Tips to Avoid Burnout As a New Nurse Grad
I was SO excited as a new nurse, I didn’t even fathom I would need to take steps to avoid burnout as a new nurse grad.
I remember how excited I was to run the mailman down (and I really did drive through the neighborhood looking for the mail delivery truck) the day nursing board results were arriving. Back in the day, it was a paper and pencil test, and the results arrived about 2 months later to let you know if you passed or failed.
To be completely honest here, I’ve been a nurse 29 years now and experienced 3 separate times in my career where burnout raised its ugly head. Now that I am on the other side of things, I can look back and realize how I got there, and I’ve learned how to minimize this impact. So I’m going to share my tips on how you as a new grad can see the warning signs or avoid it all together! Possibly had I realized back then, how to avoid burnout as a new nurse grad, I would have implemented some of these tips early on!
1) Remember your work/play balance. It’s exciting to be working and finally bringing in a paycheck. It’s easy to sign up for extra shifts and/or agree to stay over and work extra hours. This pattern will add up. You will find yourself working more than you are resting and/or playing.
2) Try and avoid the gossip and negativity circles. Every job has them. The group that is dissatisfied and desires to pull you into the latest negative talk. Politely excuse yourself from these situations.
3) Have a hobby. Find something you enjoy doing which has nothing to do with nursing. Be creative. Learn to scrapbook, blog, paint, sew, play ball, learn another language, cook, garden, read, journal, or something else that hits your creative side.
4) Learn to say NO. It’s OK to say no. When you find yourself saying “yes”, but inside you really have reservations…learn that being authentic to yourself is best in the long run. Saying no to a social event you really don’t want to attend, is just as important as saying no to an extra shift. You REALLY want to avoid burnout as a new nurse grad, and this is one you need to pay attention to!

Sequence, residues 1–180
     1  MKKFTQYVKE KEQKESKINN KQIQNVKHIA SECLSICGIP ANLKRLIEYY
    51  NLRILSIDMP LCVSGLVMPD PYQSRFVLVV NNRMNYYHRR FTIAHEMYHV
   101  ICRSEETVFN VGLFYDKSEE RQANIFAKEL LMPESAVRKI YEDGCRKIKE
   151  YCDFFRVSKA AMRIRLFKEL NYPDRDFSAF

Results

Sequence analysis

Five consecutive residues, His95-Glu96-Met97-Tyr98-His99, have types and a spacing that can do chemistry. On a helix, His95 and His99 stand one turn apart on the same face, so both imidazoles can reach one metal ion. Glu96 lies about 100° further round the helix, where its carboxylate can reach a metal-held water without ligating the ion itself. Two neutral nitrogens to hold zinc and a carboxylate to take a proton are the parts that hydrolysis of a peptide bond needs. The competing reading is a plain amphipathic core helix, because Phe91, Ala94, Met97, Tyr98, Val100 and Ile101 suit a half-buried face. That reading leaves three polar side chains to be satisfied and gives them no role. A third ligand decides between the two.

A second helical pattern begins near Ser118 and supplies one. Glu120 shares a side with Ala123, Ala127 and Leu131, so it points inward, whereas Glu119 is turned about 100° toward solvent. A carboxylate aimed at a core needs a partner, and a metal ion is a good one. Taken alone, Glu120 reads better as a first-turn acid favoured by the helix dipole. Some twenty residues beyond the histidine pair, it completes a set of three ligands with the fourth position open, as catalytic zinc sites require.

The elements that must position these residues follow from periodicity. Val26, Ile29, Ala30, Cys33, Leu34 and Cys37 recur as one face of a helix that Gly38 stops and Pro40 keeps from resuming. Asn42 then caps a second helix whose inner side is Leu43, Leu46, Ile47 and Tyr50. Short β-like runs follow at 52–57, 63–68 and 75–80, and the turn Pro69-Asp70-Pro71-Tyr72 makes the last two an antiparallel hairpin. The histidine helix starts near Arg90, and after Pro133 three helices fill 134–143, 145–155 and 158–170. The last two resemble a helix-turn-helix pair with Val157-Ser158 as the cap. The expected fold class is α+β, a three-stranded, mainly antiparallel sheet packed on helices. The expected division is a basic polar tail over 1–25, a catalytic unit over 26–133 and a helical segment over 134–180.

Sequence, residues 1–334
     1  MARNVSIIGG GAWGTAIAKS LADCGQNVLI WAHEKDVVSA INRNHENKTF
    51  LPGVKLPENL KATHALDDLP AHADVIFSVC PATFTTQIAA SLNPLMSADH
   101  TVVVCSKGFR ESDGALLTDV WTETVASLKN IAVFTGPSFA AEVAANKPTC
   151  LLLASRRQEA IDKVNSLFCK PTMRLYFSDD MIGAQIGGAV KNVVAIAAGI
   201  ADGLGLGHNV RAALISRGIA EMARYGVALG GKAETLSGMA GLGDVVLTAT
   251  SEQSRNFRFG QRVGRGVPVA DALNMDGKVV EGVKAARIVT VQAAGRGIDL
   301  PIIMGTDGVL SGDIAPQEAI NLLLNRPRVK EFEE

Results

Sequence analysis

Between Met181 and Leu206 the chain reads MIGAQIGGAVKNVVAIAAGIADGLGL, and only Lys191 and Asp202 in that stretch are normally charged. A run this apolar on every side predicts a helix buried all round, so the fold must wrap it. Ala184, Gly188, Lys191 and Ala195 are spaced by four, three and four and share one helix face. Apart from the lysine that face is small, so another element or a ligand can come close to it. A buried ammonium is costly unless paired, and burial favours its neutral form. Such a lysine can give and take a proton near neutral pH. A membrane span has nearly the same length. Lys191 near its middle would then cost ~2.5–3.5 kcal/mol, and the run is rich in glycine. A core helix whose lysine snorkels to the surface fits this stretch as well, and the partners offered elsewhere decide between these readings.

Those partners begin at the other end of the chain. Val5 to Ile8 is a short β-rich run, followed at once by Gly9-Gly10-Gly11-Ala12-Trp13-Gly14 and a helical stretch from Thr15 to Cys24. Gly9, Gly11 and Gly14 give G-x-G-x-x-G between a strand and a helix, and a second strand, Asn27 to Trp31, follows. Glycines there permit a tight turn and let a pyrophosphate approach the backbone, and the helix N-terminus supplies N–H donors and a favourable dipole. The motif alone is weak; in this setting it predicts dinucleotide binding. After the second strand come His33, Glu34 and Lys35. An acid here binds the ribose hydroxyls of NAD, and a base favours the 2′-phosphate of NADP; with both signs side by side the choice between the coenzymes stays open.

5) Nourish your body. Learn to supply your body with healthy snacks, foods, and drinks. You will begin to feel tired and sluggish. When you start to feel physically drained, you are more likely to allow stress and problems at work to start nagging at you. Take time to walk at least 3 times week. Lift light weights. Allow yourself to move. Ride a bike. Whatever is “fun” to you.
6) Realize outside stress can affect your job. If you begin to have issues outside of the job which are causing undue stress, don’t hesitate to go see a life coach or counselor. Most hospitals have some sort of mental health counseling available, and you can usually get a limited number of free visits, and it doesn’t have to be work related.
7) Look for a good fit for a first job. I know you don’t have experience yet, but most of the time you have an idea of what type of nursing you want to do. Desperation will create a situation where you take “the first thing available”. Accepting a job in a nursing home when you really want to work with babies will set you up to have a potentially bad experience and create job dissatisfaction with a potential for burnout.
8) Allow daily “me” time. Right now, I have my peppermint herbal tea that I’m sipping on from Mountain Rose Herbs. I set aside time to read a good book daily.
9) Enjoy time out with friends/family. I’m back to that work/play balance thing again.
10) Give yourself permission to make a change if needed. If you see yourself having feelings of burnout. You start to dread going to work. You want to call out frequently. Evaluate the situation. Is it the people, the workload, the management, or you? I’m not advocating job hopping. However, if you have taken all safeguards to balance your work life, and you really find yourself in a situation where you are not well…give yourself permission to explore areas that would be a better fit for you. Maybe it’s just a departmental transfer that is needed. Just give yourself permission to do what’s best for you.
11) Read good books dedicated to the new nurse, written by seasoned nurses who have been there and done that. Allow them to help you during this first year!